What is your favorite TV show: Game of Thrones or Better Call Saul ?
EPFL students have now developed a tool that indexes and classifies the words that frequently appear in the dialogues of TV series to identify themes. Instead of focusing on what other people like, this novel tool suggests TV series on the basis of themes associated with the scenario.
Do you enjoy TV series where doctors and nurses become romantically involved (but not too much!), where there is some police action (but no too much violence!) and a bit of humor? How does one identify TV series that have just the right dose of all of these ingredients?
For a course on Big Data given by the School of Computer and Communication Sciences, a group of students developed their own unique project to do exactly that. Raphaël Von Aarburg, student leader, noticed that the usual tools used to recommend TV series all worked using the same formula: comparing the choices of Internet users among themselves. Based on the shared tastes of fans, these recommendations did not take the scenario into account. This was due to the fact that unlike textual information, it is difficult to analyze the content of TV series because they are comprised of two different formats: one sound track and one video track.
The solution? Using subtitles to analyze TV series
How can these large information flows comprising the content of TV series be processed and analyzed? “Our initiative was to analyze the subtitles contained in the audio track of TV series. Our group of eight students then got together to work on this new idea,” explains Raphaël Von Aarburg.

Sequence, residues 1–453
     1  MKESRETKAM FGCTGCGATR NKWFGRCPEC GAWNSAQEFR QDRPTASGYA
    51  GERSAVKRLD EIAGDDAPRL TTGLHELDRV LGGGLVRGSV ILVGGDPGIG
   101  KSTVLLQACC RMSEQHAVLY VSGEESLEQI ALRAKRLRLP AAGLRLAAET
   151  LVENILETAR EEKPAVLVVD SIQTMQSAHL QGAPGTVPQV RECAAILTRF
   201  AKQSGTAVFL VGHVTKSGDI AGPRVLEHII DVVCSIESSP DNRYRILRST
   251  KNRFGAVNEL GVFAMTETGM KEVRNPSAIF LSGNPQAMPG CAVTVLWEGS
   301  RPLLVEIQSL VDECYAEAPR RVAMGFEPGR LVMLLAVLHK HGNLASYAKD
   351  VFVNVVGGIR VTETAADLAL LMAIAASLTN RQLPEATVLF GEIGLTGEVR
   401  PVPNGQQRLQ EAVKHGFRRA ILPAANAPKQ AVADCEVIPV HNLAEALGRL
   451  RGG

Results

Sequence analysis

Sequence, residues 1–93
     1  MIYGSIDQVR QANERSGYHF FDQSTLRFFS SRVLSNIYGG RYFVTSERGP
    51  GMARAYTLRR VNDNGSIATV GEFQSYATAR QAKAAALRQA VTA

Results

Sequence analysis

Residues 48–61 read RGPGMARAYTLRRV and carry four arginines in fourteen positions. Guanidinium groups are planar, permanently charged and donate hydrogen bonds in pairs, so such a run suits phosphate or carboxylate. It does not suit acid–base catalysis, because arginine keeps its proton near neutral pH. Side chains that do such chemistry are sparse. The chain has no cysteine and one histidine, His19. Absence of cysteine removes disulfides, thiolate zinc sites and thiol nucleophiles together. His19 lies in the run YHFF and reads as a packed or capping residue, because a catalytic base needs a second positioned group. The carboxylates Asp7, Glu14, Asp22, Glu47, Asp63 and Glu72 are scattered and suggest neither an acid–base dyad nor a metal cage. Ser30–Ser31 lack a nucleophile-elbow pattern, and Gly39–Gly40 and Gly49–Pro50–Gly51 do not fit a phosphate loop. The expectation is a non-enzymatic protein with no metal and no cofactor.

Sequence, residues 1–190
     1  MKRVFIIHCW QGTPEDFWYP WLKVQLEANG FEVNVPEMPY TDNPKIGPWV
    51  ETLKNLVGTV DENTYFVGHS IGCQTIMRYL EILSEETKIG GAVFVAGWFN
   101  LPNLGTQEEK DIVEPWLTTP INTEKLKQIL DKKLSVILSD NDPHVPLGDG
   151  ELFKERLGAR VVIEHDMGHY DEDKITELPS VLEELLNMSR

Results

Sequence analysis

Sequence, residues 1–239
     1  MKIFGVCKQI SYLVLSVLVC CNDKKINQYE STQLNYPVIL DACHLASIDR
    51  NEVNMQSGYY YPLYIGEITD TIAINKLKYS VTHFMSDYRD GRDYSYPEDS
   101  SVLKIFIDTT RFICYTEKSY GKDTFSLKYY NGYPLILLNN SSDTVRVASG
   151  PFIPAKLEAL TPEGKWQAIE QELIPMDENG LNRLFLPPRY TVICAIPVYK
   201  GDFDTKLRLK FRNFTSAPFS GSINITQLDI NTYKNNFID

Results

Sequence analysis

The students decided to write a software program to analyze the ingredients that go into a given scenario such as humor, romance, suspense or drama. More ambitious, the software program was also intended to identify narrative aspects such as drugs, crime or power through dialogues. For example, the TV series South Park is comprised of the following themes: 58% cartoon, 17% vice, 4% (counter-)terrorism, 4% politics et 17% less important themes. The next step was to use this data to recommend a given TV series to Internet users on the basis of the percentage of ingredients that they choose from among the 25 themes proposed by the software: College Life, Sexy, Family, Science, Science Fiction, Crime, Medical, Magic, Supernatural, Action, War, Investigation, etc.
Using mathematics to interpret words
The first challenge for students was to find a sequence of instructions (i.e. an adequate algorithm) that could group words into themes. “The difficulty was to find mathematical equations capable of categorizing words! This algorithm already existed in part: the Latent Dirichlet Allocation (LDA). However, this algorithm still needed to be decoded, adapted and implemented,” explains Simon-Pierre Genot, one of the students who found this phase of the project exciting. Adaptation meant adjusting the different operations in this algorithm so that several networked computers could perform these operations simultaneously. In IT terms, this is referred to as “running the algorithm in parallel”. Doing this enables one to implement the algorithm, combining the power of several computers and delivering results far more quickly than what would be possible with a single machine.
Second challenge: the eight students had to retrieve the data (subtitles of TV series in English posted on various websites). To do this, the students wrote a series of scripts (i.e. programming code) to launch and coordinate execution of their software program. These scripts run in sequence to automatically search for all subtitles on the web. Once the data had been collected, the students began the cleaning process, i.e. automatically correcting errors such as spelling mistakes, removing duplicates, identifying onomatopoeias (Crash!, Bang!, etc.) and information for the hearing impaired…